True to its heritage this guitar is equipped with Alinco III single-coils with a traditional setup for the volume and tone knobs. It is truly hard to beat the vintage sound and tone that the Squier Classic Vibe provides
Ibanez S521 S Series Electric Guitar
- Wizard III Maple neck Mahogany body Rosewood fretboard Off-set white dot inlay Jumbo frets Quantum (H) neck pickup Quantum (H) bridge pickup Fixed bridge Cosmo Black Hardware Case sold separately
- The S521 features a rosewood fretboard with jumbo frets
- Lurking beneath the S Series’ graceful 3-D shape is Mahogany specifically chosen for S Series instruments
- Light enough amaze in terms of comfort, heavy enough to provide the tone and sustain that players expect from the S Series
- As the originators of the thin, fast neck, the Wizard III neck is yet another achievement in playability, providing the kind of comfort that translates to responsiveness and speed
Ibanez guitars have made quite a niche for themselves. Although they aren’t the originators of any of the categories we’ve chosen, they have a legendary place nonetheless. One of the calling cards of the Ibanez guitar line is the design of the neck, lending itself to a thin, fast neck. The Wizard III that comes on the S520 is no exception, and it’s the longest neck, with a full 24 frets.
The Ibanez S521 S Series is the first guitar we’ve listed under the Stratocaster category that has a solid Mahogany body that gives the guitar a great tonal range.
The S520 also boasts Quantum humbucker pickups on both the neck and bridge. Master volume and tone along with a 5-way selector switch round out the controls.
Fender Player Stratocaster
- Hand Orientation: Right-Handed
This is where the legendary line of Fender Stratocasters truly starts. Yes, Squire is made by Fender, but it’s simply not the same.
Fender has done a remarkable job keeping true to the heritage of the Strat with these models while adding touches like the “C” shaped neck to bring the guitar into the present day.
Its 3 standard single-coil Strat pickups combined with the vintage style tremolo arm and 5 position pickup switch deliver the legendary Fender tone and the classic looks and feel make this guitar a pleasure to play.
This guitar is the most expensive Strat we’ve chosen for this beginners list, and we realize it may be more than a true beginner wants to spend. That being said, if you are switching from another type of electric guitar or want an instrument you’ll never want to put down… this is your pick!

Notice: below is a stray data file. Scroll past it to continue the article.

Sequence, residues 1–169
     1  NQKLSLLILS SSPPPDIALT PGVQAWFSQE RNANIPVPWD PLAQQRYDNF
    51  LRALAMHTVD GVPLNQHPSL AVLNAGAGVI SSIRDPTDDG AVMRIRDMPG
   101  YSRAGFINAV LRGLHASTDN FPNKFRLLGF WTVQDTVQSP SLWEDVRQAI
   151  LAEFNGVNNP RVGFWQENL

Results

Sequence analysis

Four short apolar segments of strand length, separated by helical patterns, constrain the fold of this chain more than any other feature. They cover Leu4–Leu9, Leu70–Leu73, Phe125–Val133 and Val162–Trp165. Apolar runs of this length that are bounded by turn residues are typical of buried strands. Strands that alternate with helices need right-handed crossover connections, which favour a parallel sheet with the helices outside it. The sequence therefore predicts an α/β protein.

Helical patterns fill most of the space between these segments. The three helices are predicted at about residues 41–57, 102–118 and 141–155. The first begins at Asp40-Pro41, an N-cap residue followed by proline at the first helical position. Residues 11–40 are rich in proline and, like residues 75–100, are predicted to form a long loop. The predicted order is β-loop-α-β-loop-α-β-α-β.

Best Telecasters for Beginners
In 1950 the first Fender Telecaster Electric Guitar was released, and guitar making would never be the same. Fender went against everything that was currently being done and produced a cost-friendly electric guitar at a time when they were anything but.
Telecasters have a distinctive ‘single-horn’ design which gives them a balance and feel many prefer over the shape of the Stratocasters we discussed previously. It was known to be made out of one solid piece of local wood (Ash most commonly) to replace the Mahogany that was common in the semi-hollow body guitars of the day.
Due to the traditional setup of an Ash body with a Maple neck, the “Tele” gave the instrument a crisp, thin, and biting sound that is a defining characteristic even today. There is a sound difference between the Thinline Telecaster and the Solid Body that you should be aware of as well!
Keith Richards, Jimmy Page, and Bruce Springsteen are all notable Telecaster players, but many greats in the blues, bluegrass, and country genres have favored the “Tele”.
Squire Classic Vibe 50’s Telecaster
- 100% designed by Fender
- Inspired by 1950s-era Telecaster Models
- Fender-Designed alnico pickups, Modern "C", Nut Material Synthetic Bone
- Vintage-tint gloss neck finish, Scale Length 25.5" (648 mm), Fret Size Medium Jumbo with 22 Frets.
- Nickel-plated hardware
This guitar is the ‘Tele’ version of the first guitar to grace our list and does not disappoint. I found very, very few negative reviews on this guitar, and many raving ones like this one found at WoodyTone.
This guitar comes with a traditional bridge system and Alnico 5 pickups that are able to replicate the “twangy” sound that all good Telecasters are known for. The butterscotch blonde finish on this instrument completes the classic look and feel and I really had a hard time putting this down when I played it at my local store!
ESP TE200 Electric Guitar
- The ESP LTD TE-200M STBC LEFTY has a Mahogany Body with a 3 Piece Maple Neck
- This guitar comes equipped with an LTD Fixed Bridge w/String Thru
- It has a Maple Fingerboard with a Bolt-On Neck and a 25.5" Scale, with 24 Extra Jumbo Frets and a Thin-U Neck Shape
- The pickups are ESP Designed
ESP guitar company gained its popularity in the 80s by endorsing some major guitar bands in the thrash metal genre. If you look back at videos of Metallica, Slayer, Anthrax, and Megadeath there is a good chance you’ll see an ESP being played.
The TE 200, the 202, and the 212 are identical guitars with the exception of the bridge pickup. The 200 sports the dual single-coil, the 202 the traditional single-coil, and the 212 the Humbucker. Each has the same Telecaster-based body shape and style.
This is also the only guitar on the list that comes with a kit, perfect for a young or beginning guitarist who needs everything. Granted, other than the guitar all the other pieces are probably nothing special, but it gives you a chance to upgrade what you need, when you need it, rather than buying everything at once!
Fender Modern Player Telecaster Plus